The owner of a Belfast hair salon has criticised the lack of dates in Stormont’s coronavirus recovery plan as “not good enough”.
Andrew Mulvenna said he is worried the lack of certainty was pushing some hairdressers to flout the rules, both risking further infection spread as well as undermining the profession.
Under the Northern Ireland Executive’s plan announced on Tuesday, “contact retail” such as hairdressers, fitness studios and tattoo salons are set to reopen in step four.
However, no dates have been provided for when each step is likely to happen.
Mr Mulvenna said his industry is “reeling with the enormity” of the impact of Covid-19 closing down salons for months.
He said plans by other governments, including across the UK and the Republic of Ireland, have indicated it could be July before salons can reopen.
The furloughing will reimburse me for 80% of the salaries that I pay, there are still a lot of other bills that have to be paid around my building because I own the buildingAndrew Mulvenna
“Stormont really needs to offer some dates, I find it quite patronising, this carrot dangled in front of us, that they’ll be the ones to decide,” he said.
“They need to give us some dates because we do have to have some sort of planning.
“It closes some doors of being able to try and offer some other types of services to clients, or take some people off furlough and into the salon socially distanced to make up boxes, so there’s all these things floating around but can’t be done until we have some clarity on dates.”
Mr Mulvenna has been operating in Belfast for the last 20 years and recently acquired a larger premises to expand his business over three floors.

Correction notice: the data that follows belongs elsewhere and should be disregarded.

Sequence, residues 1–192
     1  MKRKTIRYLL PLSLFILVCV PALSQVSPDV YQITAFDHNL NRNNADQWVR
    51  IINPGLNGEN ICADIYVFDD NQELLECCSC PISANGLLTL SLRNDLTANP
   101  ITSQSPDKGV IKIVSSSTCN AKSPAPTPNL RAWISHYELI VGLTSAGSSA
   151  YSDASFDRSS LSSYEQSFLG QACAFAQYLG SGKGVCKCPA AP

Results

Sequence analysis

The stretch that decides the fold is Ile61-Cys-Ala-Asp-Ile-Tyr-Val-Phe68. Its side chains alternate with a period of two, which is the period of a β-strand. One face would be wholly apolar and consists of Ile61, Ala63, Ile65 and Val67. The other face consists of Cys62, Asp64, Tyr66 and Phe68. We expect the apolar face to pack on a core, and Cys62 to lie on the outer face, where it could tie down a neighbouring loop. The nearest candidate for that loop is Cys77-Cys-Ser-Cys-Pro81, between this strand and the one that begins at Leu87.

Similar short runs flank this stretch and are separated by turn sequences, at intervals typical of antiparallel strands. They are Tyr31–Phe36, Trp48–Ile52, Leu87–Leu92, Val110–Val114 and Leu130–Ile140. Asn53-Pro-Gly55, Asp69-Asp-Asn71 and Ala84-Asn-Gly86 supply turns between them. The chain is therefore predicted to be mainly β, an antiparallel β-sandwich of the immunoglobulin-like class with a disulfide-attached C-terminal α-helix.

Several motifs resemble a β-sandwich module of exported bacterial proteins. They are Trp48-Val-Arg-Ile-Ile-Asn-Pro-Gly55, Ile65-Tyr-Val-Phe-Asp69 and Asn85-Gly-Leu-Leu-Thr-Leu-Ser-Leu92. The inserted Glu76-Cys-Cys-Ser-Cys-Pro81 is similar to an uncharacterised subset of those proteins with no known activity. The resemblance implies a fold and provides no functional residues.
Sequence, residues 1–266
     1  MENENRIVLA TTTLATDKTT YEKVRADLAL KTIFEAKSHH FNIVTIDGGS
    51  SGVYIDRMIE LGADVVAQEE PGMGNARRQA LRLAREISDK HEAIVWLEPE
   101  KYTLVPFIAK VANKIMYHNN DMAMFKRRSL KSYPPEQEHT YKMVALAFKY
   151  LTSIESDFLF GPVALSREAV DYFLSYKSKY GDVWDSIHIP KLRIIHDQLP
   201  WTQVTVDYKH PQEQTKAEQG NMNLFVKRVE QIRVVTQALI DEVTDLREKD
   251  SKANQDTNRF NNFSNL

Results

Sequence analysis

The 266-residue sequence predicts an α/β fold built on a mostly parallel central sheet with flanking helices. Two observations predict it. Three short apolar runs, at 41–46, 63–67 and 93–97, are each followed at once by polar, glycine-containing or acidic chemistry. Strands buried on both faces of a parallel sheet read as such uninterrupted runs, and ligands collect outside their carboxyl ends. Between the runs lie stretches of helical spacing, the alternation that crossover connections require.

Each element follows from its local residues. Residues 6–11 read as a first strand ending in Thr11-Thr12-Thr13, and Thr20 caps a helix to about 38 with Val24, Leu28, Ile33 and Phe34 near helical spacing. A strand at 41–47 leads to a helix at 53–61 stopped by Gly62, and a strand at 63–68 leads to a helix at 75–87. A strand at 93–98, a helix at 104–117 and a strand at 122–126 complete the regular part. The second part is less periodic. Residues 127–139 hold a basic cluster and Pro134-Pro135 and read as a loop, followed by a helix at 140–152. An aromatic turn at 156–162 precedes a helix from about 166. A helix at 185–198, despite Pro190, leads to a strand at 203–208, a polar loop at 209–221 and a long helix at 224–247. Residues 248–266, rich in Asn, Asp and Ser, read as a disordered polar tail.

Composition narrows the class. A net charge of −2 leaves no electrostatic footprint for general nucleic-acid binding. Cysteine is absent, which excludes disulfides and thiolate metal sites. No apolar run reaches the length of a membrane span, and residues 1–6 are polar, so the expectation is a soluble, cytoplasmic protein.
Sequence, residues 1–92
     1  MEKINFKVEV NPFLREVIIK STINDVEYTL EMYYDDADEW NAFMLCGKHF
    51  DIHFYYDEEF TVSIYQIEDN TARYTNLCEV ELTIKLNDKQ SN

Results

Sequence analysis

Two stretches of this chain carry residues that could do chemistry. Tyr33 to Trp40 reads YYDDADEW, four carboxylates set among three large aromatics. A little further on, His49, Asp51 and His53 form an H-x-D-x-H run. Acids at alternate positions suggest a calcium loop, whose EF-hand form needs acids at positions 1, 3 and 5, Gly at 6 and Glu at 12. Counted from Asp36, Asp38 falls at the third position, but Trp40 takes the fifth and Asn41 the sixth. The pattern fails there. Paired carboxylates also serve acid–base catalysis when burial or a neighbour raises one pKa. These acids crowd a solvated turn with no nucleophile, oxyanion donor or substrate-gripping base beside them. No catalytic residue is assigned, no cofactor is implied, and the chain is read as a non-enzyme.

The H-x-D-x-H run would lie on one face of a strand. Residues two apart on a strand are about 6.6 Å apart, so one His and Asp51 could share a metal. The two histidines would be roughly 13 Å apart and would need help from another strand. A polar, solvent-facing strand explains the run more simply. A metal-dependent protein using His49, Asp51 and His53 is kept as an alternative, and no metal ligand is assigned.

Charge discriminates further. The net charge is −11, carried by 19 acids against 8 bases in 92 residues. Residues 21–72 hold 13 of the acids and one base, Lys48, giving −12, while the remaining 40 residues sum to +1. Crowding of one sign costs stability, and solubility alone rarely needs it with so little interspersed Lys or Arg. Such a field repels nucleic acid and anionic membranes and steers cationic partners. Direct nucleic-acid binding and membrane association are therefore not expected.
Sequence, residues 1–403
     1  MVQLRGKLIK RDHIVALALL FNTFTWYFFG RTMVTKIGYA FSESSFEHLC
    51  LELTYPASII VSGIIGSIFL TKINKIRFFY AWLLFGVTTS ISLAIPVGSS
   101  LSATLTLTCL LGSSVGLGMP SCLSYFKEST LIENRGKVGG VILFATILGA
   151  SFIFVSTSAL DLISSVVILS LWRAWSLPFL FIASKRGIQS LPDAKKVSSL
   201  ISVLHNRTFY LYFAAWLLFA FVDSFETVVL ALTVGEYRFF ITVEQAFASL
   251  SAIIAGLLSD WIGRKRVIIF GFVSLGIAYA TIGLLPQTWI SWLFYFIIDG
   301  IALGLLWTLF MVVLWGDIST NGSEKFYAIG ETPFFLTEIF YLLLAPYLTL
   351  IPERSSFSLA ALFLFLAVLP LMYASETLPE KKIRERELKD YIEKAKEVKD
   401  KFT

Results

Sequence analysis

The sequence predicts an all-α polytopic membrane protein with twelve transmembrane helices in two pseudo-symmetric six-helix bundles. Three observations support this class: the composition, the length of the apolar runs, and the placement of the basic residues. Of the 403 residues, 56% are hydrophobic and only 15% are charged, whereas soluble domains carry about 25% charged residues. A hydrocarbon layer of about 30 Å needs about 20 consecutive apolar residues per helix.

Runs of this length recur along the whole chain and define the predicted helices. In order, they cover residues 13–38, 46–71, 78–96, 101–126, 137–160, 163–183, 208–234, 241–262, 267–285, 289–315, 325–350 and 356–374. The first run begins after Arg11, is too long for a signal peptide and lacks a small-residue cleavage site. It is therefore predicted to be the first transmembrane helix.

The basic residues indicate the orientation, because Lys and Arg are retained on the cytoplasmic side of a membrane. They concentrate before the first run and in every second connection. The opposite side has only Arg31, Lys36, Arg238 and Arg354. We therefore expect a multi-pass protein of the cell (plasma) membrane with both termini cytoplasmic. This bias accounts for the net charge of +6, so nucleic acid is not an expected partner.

He welcomed the announcement of the extension of the furlough scheme but said the business grant he applied for with the Stormont Executive has not come through yet.
“The furloughing will reimburse me for 80% of the salaries that I pay, there are still a lot of other bills that have to be paid around my building because I own the building,” he said.
Mr Mulvenna cautioned others against flouting the rules, warning it would undermine the whole profession as well as risking the spread of infection.
He said some who have not paid tax on their income in the past are now on a basic benefit payment, and more likely to be tempted to break the rules.
“My main concern about all of this is about pushing business into the black market, people who start operating and doing people’s hair, and it’s happening already,” he said.
“I have been contacted by more than 12 people in the last few hours indirectly asking me was there any chance.
“That has triggered people in the last day or two to see if they can get their hair done because they now know they have got at least another seven weeks before it’ll get done.
“The mindset of a lot of people has suddenly changed in the last day or two.
“There is a great worry about that because ultimately it is going to undermine our credibility as a profession, but also it is going to drive up the R rate of transmissibility, and that is our gateway to reopening.”